HARARE: Zimbabweans waited on Wednesday to discover when their new leader would be appointed after president Robert Mugabe’s resignation brought a sudden end to a 37-year reign of authoritarian rule.
Mugabe’s tenure ended in an announcement at a special joint session of parliament where MPs had convened to impeach the 93-year-old who dominated every aspect of Zimbabwean public life for decades.
On the streets, the news that his long and often brutal leadership was over sparked wild celebrations on Tuesday evening. Car horns honked and large crowds erupted into ecstatic cheers and dancing.
Zimbabwe’s former vice president Emmerson Mnangagwa, the likely next president, was to return to the country Wednesday to take power after Robert Mugabe’s resignation brought a sudden end to 37 years of authoritarian rule.
Ahead of his arrival, state media said he would be sworn in as president at a ceremony on Friday.
Mnangagwa was once a key Mugabe ally, but he was also chief rival of the president’s wife Grace in a bitter succession battle that erupted publicly in recent months.
“I, Robert Gabriel Mugabe… hereby formally tender my resignation . . . with immediate effect,” said the letter which was read out by parliamentary speaker Jacob Mudenda.
“My decision to resign is voluntary,” he said, speaking of his “concern for the welfare of the people of Zimbabwe and my desire to ensure a smooth, peaceful and non-violent transfer of power.”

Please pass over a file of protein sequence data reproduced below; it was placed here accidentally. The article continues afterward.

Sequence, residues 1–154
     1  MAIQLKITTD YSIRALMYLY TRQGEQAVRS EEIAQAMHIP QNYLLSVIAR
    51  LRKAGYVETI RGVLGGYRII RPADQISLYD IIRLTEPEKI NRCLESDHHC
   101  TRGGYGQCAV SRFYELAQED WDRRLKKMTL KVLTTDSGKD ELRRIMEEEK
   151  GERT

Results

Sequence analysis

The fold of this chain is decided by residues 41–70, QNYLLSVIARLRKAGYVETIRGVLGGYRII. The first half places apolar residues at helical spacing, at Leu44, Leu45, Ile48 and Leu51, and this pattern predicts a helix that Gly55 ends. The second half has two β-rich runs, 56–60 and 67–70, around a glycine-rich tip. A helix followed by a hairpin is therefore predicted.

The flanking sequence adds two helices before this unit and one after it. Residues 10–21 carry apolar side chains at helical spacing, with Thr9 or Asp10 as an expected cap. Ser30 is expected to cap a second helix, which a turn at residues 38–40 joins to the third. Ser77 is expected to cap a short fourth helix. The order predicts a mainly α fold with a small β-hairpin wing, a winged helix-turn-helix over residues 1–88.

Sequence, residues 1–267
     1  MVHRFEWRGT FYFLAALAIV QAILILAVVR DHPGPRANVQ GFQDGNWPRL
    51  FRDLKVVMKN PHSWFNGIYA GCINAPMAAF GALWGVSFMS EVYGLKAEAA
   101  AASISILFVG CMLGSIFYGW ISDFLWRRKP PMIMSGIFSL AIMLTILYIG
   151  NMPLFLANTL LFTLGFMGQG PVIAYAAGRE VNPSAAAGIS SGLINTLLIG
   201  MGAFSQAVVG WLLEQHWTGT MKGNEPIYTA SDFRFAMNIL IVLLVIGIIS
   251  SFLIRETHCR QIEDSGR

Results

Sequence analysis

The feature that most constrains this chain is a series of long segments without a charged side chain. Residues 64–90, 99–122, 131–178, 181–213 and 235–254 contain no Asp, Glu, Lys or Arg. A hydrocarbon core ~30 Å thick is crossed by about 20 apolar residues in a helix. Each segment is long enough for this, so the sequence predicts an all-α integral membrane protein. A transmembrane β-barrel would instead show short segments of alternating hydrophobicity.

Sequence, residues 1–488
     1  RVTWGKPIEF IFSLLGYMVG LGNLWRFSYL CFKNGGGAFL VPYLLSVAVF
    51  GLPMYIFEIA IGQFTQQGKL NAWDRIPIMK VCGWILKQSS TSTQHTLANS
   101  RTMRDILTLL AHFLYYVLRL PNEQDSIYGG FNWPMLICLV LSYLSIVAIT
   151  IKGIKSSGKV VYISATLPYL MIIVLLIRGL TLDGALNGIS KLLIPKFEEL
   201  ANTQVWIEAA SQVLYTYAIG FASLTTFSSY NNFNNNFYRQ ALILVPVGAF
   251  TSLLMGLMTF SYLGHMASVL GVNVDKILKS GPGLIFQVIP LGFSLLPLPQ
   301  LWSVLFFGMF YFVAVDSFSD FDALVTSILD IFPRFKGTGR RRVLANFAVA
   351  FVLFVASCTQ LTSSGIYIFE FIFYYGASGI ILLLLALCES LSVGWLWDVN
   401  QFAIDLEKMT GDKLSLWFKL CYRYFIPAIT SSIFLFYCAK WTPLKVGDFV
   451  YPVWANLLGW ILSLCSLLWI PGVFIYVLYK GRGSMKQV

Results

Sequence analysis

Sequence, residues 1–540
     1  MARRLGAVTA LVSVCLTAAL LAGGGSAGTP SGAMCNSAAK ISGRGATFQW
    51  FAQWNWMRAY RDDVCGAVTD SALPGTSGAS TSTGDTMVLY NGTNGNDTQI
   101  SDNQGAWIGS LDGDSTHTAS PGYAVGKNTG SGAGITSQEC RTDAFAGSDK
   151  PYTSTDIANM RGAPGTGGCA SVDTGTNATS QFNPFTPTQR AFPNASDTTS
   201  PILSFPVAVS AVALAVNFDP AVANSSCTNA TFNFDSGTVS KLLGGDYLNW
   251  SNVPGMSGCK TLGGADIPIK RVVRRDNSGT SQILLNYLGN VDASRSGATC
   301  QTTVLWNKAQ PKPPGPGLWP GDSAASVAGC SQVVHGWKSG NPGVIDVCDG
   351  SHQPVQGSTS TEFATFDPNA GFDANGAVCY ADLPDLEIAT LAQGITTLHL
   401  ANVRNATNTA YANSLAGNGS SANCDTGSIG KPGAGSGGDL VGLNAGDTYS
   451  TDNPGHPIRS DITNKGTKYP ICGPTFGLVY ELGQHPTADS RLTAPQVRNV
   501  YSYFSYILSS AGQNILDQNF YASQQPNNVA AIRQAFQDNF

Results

A man removed a portrait of Mugabe from a room inside the conference center where MPs had assembled for the extraordinary session to impeach the defiant president.
Another bystander replaced it with an image of Mnangagwa, who critics accuse of being a ruthless hardliner guilty overseeing years of state-sponsored violence.
The ruling ZANU-PF party said Mnangagwa, who fled Zimbabwe after his sacking, could swiftly be named interim president as the country charts a way through the turbulence.
“Mnangagwa… will come back in the next 24 hours or so and he will be the one who will be sworn in to be (interim) president for 90 days,” said party spokesman Simon Khaya Moyo on Tuesday.
The resignation capped a week in which the military seized control and tens of thousands of ordinary Zimbabweans took to the streets in an unprecedented show of dissent against Mugabe.
“I am so happy that Mugabe is gone, 37 years under dictatorship is not a joke. I am hoping for a new Zimbabwe ruled by the people,” Tinashe Chakanetsa, 18, told Agence France-Presse.
As the news began to sink in, crowds gathered brandishing national flags and often praising army chief General Constantino Chiwenga who led the military’s power-grab.
Mugabe had ruled Zimbabwe almost unopposed since independence in 1980—but efforts to position Grace Mugabe, 52, as his successor prompted intervention from the military that underpinned his regime.
His monolithic grip was shattered last week when armored military vehicles took to the streets, blockaded parliament and soldiers placed him under house arrest.
Army appeals for calm
The operation had all the hallmarks of a coup, but the generals stopped short of forcing him out.
As the crisis grew, the ZANU-PF party, an instrument of Mugabe’s brutal decades in power, removed him as party leader and began parliamentary proceedings to have him impeached.
“When he saw the turnout (of lawmakers), he probably realized he’d better jump before he was pushed,” said Derek Matyszak, an analyst at the Pretoria-based Institute for Security Studies.
Following Mugabe’s stunning departure, army chief Chiwenga called for Zimbabweans to “exercise maximum restraint and observe law and order to the fullest.”
British Prime Minister Theresa May said the resignation gave Zimbabwe “an opportunity to forge a new path free of the oppression that characterized (Mugabe’s) rule.”